- The Washington Times - Sunday, January 22, 2006

While Israel’s Prime MinisterAriel Sharonis hovering between life and death at Jerusalem’s Hadassah Hospital, the world, and, of course, the people in Israel, are trying to come to grips with the post-Sharon era. Though the transfer of powers to the prime minister’s deputy, Ehud Olmert, hasbeenremarkably smooth, both the former’s supporters and opponents have come to realize the extent of the void he has left on Israel’s political scene. He will be missed by both.

Mr. Sharon, after all, was not just a politician or only a military person. He was the last of that small and remarkable group of courageous Jewish soldier-statesmen, including also the late Moshe Dayan, Yigal Allon and Yitzhak Rabin, whose unusual combination of fighting skills and leadership qualities guided the Jewish people in its struggle to re-establish its sovereignty in its ancient homeland — and to defend it against the continued acts of aggression and terror by those who aim to destroy it.

The debate about Mr. Sharon’s “legacy” has already started, ignoring the fact that “legacy” may be an entirely wrong term when applied to pragmatists like Mr. Sharon (for the same reason there is, of course, no Rabin legacy, either). Probably closest to the facts would be that the “legacy” of Mr. Sharon is Mr. Sharon himself — not that which some media people and politicians, often to serve their own personal or political purposes, try to ascribe to him.

When President Bush, more than a year ago, had called Mr. Sharon a “man of peace,” he got a great deal of flak from all the expected quarters. But peace was exactly what Mr. Sharon was after — though, based on his experience, he had scant confidence in the legalistic formulations of this word. I remember him saying to Secretary of State Madeleine K. Albright at the 1998 Wye River conference: “… it makes no difference what agreement Yasser Arafat will sign — he has anyway never honored a single agreement he ever made and never will.” For him “peace” meant that the best that could be achieved under the present circumstances was a de facto end to violence, based on the mutual interests of Israel and the Palestinians — to be reached either by negotiations or by unilateral steps (as in the recent withdrawal from Gaza) or by a combination of the two.

All his life his overriding concern had been the security of Israel and the Jewish people, everything emanated from that: whether the large and strategically important settlement blocs in Judea and Samaria (a.k.a. the “West Bank”), Israel’s future borders, eventual Palestinian statehood — and even the question of demography, i.e. how to assure a Jewish majority in at least parts of the Promised Land.

As long as 12 years ago, following the ill-conceived Oslo agreement, Mr. Sharon had told the Central Committee of his Likud Party, that in any future arrangement Israel must keep under its control certain “security zones” (similar to the concept of “specified security locations” of the Camp David agreement of 1978) — the clear implication being, though this wasn’t universally grasped by either his followers or opponents — nor by the press — that Israel wouldn’t necessarily have to hold on to all other areas.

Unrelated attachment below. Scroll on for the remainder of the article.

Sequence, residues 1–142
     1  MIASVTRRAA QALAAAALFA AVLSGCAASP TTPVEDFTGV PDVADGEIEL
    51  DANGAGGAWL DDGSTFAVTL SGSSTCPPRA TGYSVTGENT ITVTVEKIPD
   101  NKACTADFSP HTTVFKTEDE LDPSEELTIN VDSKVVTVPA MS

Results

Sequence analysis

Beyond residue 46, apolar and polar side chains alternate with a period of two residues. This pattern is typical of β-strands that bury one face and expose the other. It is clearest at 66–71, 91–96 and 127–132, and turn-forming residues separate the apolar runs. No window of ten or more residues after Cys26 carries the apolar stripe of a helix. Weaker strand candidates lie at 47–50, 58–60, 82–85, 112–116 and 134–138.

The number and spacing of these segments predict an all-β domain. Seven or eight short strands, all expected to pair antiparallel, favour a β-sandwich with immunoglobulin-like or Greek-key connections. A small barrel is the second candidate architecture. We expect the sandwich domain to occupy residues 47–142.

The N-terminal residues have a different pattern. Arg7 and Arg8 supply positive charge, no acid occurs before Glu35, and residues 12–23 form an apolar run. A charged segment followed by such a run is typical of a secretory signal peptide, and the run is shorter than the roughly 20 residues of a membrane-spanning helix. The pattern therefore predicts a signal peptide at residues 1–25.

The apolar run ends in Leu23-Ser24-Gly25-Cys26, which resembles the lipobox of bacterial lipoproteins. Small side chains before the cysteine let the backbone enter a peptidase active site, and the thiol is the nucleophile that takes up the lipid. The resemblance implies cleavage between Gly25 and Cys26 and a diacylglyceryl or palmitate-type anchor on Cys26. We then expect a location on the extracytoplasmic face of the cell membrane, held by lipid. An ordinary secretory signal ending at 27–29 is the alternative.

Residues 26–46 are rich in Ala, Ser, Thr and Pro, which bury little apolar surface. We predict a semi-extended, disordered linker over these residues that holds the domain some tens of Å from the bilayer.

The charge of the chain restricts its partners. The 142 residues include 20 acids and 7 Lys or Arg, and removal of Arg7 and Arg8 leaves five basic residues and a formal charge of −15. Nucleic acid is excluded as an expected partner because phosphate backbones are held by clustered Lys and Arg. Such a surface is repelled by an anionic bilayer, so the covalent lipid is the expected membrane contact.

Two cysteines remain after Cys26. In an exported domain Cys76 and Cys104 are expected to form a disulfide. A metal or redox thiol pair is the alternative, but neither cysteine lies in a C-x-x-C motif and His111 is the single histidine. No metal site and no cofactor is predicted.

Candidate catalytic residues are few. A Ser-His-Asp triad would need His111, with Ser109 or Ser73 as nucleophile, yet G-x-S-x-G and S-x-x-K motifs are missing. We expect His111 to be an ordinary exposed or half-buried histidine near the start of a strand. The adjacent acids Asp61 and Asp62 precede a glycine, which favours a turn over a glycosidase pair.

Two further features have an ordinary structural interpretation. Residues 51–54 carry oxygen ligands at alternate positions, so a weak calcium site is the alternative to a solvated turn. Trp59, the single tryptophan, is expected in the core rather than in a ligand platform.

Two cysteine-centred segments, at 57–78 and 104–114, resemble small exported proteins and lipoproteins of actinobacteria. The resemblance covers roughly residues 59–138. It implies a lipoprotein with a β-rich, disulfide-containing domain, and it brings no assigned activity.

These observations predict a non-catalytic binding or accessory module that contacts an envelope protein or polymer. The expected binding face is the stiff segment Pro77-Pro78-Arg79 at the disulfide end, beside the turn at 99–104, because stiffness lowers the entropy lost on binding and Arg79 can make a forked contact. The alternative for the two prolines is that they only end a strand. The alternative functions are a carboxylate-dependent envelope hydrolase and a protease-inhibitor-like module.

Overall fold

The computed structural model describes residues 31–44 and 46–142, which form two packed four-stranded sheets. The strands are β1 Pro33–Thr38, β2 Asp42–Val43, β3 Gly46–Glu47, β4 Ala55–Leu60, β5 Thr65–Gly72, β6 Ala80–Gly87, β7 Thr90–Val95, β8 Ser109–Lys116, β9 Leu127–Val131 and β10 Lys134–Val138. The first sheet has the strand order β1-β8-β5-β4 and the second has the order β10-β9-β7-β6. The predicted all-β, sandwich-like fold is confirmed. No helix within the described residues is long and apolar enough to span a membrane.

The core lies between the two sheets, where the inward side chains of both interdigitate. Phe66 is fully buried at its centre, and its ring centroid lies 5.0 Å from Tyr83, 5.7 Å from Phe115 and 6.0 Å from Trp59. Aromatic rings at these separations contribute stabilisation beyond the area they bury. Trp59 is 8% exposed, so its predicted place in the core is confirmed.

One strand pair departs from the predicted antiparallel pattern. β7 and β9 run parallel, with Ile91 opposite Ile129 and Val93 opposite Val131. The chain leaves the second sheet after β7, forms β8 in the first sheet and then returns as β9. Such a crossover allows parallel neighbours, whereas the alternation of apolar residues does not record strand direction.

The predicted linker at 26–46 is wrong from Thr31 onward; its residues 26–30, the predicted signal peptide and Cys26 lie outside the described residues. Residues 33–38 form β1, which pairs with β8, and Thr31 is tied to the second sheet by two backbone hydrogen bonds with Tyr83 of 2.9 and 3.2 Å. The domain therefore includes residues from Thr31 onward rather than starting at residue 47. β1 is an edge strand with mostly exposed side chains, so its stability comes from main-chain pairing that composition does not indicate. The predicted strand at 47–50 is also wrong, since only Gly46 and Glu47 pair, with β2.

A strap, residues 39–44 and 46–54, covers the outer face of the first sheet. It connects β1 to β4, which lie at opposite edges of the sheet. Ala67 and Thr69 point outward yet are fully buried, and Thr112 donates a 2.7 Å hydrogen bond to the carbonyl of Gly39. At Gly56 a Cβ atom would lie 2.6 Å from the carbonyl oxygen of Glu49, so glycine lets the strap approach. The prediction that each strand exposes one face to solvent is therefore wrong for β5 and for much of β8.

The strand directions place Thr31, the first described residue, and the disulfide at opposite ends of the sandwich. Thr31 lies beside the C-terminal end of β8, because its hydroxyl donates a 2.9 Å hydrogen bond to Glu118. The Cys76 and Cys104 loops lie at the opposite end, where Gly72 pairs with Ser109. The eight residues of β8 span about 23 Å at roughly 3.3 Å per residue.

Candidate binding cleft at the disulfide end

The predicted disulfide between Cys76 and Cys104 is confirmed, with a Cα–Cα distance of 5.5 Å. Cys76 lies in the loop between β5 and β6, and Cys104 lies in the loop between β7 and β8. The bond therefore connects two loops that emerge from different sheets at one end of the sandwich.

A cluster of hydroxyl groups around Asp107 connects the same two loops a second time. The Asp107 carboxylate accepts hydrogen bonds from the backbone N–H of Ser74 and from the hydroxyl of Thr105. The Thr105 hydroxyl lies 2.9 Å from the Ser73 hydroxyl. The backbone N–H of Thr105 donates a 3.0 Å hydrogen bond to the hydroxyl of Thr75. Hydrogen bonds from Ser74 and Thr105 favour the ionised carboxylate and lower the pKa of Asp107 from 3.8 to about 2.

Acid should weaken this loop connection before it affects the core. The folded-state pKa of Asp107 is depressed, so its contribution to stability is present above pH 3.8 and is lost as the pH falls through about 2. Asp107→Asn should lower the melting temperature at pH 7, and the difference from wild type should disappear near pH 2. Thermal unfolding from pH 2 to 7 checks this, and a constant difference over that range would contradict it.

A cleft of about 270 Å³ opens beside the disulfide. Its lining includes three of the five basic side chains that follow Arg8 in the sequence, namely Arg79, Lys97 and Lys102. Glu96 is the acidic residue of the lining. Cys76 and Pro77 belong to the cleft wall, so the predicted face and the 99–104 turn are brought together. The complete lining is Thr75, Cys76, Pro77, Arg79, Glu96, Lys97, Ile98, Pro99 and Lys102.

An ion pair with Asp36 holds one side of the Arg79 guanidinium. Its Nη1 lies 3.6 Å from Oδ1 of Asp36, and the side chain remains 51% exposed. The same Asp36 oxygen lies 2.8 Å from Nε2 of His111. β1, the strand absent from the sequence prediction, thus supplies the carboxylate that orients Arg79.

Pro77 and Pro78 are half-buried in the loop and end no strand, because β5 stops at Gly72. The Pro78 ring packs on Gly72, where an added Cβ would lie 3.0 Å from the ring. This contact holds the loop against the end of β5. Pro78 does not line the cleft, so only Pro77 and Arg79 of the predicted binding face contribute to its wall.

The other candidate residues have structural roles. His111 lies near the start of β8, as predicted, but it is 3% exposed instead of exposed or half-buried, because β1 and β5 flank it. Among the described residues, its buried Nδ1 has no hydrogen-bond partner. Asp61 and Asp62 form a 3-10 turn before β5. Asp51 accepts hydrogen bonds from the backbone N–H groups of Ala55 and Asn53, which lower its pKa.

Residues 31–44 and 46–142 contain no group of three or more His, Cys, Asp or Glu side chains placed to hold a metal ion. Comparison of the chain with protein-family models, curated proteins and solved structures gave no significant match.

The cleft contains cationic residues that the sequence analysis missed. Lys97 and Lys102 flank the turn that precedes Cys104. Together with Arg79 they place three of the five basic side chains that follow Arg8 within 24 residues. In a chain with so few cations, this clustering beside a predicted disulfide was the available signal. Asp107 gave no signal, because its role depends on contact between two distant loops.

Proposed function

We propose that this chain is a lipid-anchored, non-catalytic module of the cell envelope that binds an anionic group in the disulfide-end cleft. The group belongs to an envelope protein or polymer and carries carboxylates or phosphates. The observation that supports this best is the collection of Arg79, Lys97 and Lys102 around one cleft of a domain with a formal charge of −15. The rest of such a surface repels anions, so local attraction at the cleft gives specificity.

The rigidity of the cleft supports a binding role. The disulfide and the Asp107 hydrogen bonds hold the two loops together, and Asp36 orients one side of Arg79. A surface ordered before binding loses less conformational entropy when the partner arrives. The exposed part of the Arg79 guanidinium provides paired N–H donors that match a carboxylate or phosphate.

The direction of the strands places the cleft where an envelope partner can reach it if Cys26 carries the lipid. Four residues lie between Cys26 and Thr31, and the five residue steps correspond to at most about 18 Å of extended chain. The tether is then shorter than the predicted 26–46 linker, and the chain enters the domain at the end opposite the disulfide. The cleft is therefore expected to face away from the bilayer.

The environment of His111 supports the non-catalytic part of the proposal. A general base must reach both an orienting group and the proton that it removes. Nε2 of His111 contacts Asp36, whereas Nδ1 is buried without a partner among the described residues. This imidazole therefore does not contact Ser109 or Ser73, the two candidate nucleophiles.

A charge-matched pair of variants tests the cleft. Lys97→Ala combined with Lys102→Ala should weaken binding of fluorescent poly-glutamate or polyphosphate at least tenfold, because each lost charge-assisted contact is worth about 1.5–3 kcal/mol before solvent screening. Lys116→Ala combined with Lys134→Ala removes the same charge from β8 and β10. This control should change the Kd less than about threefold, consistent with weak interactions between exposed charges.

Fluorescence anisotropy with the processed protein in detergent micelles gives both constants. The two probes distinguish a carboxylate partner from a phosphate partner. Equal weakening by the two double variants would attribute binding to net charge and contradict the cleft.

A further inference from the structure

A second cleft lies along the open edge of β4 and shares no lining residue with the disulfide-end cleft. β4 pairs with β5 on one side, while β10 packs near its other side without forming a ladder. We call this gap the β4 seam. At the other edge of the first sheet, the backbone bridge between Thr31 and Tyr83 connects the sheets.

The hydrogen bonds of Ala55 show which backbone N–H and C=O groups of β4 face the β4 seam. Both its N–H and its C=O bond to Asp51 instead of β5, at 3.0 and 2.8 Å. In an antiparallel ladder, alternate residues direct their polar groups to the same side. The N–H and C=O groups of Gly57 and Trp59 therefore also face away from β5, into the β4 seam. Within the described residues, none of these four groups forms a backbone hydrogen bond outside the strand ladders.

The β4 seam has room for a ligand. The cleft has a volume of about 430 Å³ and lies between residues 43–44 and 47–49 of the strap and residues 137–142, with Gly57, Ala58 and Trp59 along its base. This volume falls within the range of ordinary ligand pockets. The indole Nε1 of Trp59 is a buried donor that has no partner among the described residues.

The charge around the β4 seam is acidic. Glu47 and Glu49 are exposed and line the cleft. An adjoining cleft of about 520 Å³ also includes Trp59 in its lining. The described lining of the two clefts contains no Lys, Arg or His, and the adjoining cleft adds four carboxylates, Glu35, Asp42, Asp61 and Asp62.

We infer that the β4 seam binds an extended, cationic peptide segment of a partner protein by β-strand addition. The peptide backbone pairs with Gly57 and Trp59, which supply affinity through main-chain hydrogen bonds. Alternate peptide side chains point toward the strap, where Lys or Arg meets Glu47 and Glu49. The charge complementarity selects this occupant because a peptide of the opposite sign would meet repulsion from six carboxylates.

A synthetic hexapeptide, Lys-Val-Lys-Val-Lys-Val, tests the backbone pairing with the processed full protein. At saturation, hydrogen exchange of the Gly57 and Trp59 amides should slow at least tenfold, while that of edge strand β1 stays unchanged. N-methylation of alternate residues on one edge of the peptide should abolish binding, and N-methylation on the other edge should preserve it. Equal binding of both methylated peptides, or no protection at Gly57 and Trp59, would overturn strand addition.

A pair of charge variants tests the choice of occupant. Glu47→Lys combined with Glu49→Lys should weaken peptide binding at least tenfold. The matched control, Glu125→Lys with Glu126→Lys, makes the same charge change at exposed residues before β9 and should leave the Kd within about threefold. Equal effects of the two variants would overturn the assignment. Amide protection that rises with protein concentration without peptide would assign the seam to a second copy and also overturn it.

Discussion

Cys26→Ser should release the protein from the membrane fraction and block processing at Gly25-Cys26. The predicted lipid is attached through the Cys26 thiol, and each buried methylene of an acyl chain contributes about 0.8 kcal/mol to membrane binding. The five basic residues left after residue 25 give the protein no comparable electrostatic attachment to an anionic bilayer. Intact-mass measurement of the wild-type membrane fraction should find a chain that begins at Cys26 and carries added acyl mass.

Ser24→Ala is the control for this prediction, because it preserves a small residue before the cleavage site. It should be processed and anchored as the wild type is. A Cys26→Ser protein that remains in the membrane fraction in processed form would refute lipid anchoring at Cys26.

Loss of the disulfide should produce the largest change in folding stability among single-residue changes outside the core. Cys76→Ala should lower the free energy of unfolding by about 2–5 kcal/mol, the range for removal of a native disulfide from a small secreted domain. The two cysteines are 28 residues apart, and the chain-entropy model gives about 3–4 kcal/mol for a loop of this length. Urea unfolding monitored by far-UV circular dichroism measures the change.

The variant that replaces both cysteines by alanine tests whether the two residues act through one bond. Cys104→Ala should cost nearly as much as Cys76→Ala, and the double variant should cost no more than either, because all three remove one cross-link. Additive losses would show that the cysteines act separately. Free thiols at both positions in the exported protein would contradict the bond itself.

Most importantly, Mr. Sharon realized that for the foreseeable future it was completely unrealistic to expect that Israel and the Palestinians could reach a final, formal, permanent-status agreement — an agreement which would have compelled both sides to make what they saw as untenable compromises. He thus rebuffed the arguments from both right and left who accused him that Israel hadn’t received from the Palestinians anything in exchange for handing over Gaza and dismantling the Jewish settlements there which had turned a barren strip of land into a flourishing garden.

“Not so,” his reasoning must have been: What is really important is the support of America for any future arrangement based on Israel’s vital security imperatives. Which brings us to Israel’s security fence — initially opposed by Mr. Sharon but eventually enthusiastically promoted by him. As he has often clarified, the fence was not a political border but a barrier against Palestinian suicide bombers.

That said, however, one may assume that in his own way of thinking this barrier could serve as an important security-based starting point if and when permanent-status negotiations will actually take place. Hence his strong support for the international (U.S., Europe, U.N. and Russia) “Quartet’s” roadmap, largely based on Mr. Bush’s vision for Middle East peace; though perhaps not an ideal document from Israel’s point of view, Mr. Sharon’s commitment emanated from his belief that the only chance the envisaged “two-state solution” could come to fruition is by strictly adhering to the three phases of the roadmap — the first and most important of which was to be an absolute end to violence, dismantling the terrorist organizations, handing over illegal arms, and initiating comprehensive governmental reforms — none of which, by the way, have happened so far.

Future historians will thus have to judge Ariel Sharon’s legacy by results — not by premature and not wholly disinterested interpretations.

Zalman Shoval, a former Israeli ambassador to the United States, is a senior adviser to Israeli Prime Minister Ariel Sharon.

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